Through schooling, students should be prepared for the future, yet the vast majority of students are so concerned with their GPA that the purpose of school has shifted from being a “well-rounded” person or being prepared for the future to simply knowing enough to get by – knowing enough to pass the test. The student who would rather learn and understand the material but receive a “C,” than make an “A” and forget everything he learned would be an extreme rarity in today’s society. I’m not that student. And none of the students I compete against is that student.

Schooling, being a culmination of different educations, should provide the student with an appreciation for different subjects. Reading for example: while some children are bookworms, many are completely dispassionate toward reading. A 2002 study by the NEA shows that literary readers are 2 to 4 times more likely than non-literary readers to participate in community service, create art, visit museums, attend plays and concerts, play sports, and perform outdoor activities. Those who read are more involved in their community and are more likely to exercise. Is this not reason enough to teach students to appreciate and enjoy reading?

“Knowledge is power,” and books contain knowledge, yet many honor students, as Professor X says of his own students, “don’t read much, as a rule.” Why is this? Honor students should be the best academics in a school, yet many refuse to read, to gain knowledge; they only learn as much as they have to know to pass the class. There is no desire to learn – no understanding of the importance of knowledge. As author and speaker Sherman Alexie says about himself, “[They are] lucky.” Many are lucky because they have never had to study, never been challenged in the classroom, never struggled to pass a course. Christina Jeronimo, a student at Long Beach City College, says, “The demands of the high school teachers aren’t as great as the demands for college. Sometimes they just baby us.” We have been babied. Those of us who have never struggled in school have never been challenged. We never had to study for hours to pass a test – we probably never studied at all. And what have we gained from it? I have a 4.0 GPA. I always have – but what does that mean? It means that I have never been challenged in the classroom, and have, as a result, not learned as much as I could have learned.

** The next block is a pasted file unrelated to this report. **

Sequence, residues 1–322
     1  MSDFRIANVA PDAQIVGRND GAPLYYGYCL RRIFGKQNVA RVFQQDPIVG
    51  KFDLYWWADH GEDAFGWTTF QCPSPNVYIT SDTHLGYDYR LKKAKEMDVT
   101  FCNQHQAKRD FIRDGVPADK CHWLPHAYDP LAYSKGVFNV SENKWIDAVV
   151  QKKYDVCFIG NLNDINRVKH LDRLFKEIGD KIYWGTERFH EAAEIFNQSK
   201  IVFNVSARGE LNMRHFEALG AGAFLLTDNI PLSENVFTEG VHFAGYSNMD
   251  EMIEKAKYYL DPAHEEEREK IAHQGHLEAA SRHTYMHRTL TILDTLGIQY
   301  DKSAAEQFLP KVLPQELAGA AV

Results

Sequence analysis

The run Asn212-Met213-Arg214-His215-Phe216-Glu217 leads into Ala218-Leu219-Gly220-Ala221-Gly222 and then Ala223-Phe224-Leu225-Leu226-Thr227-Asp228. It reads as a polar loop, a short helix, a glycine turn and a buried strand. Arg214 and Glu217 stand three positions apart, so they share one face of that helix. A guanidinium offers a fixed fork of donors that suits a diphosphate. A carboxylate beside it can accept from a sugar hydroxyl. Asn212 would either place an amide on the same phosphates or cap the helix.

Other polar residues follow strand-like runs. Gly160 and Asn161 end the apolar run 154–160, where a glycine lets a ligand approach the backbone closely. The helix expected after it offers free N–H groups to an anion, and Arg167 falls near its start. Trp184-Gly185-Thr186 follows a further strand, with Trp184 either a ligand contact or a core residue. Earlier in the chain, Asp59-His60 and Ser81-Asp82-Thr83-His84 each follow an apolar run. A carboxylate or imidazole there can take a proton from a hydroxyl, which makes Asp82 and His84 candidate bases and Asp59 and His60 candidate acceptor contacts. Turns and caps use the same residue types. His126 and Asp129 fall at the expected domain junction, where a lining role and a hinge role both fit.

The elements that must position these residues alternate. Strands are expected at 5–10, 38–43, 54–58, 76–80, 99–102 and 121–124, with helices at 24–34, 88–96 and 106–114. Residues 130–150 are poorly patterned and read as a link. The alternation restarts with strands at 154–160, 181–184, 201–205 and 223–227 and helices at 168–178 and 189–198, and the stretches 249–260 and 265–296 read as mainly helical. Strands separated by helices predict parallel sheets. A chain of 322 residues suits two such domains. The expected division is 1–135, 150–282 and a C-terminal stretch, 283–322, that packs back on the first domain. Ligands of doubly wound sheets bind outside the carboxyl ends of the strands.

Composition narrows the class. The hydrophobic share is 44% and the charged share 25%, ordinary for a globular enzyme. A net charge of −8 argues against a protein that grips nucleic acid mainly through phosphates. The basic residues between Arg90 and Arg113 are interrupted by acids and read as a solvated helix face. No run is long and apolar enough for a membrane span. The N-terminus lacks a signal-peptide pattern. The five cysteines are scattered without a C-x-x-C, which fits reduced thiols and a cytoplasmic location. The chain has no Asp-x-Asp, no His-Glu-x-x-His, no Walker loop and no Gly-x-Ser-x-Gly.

According to an article recently appearing in USA Today entitled “Colleges Spend Billions on Remedial Classes to Prep Freshmen,” “students often report that the hardest aspect of the transition to college isn’t the material. It’s the new rhythm and structure of college-level work.” This comes directly from the source – directly from college students. The harder course material is not what makes college more difficult. What makes college harder is the responsibilities placed upon the student. Jeronimo goes on to say, “One of the things that they don’t teach in high school is time management.” The reason we have never been challenged is not that the material is too easy; the reason is the structure of the class – instead of the student having any responsibility to make an effort in the class, he is given the material that will be on the test, and he memorizes that material. Schools and teachers have a responsibility to their students to make them more responsible students, and this is not accomplished by teaching the student how to ready a study guide, but by teaching the student how to study.

Students, by the same token, should (as much as we sometimes hate it) be forced to think for ourselves and should make ourselves more responsible. In many classes students are provided with the exact material that will be covered on the test. What greater incentive could be given to learn only the material needed to pass? If we are provided with the answer to every problem we struggle with, we will never be able to overcome these problems on our own. In college (the destination to which all academic roads seem to lead) students are no longer provided with the answers. The same is true in life – the answer to every problem is not readily available, and everyone must learn to think for himself.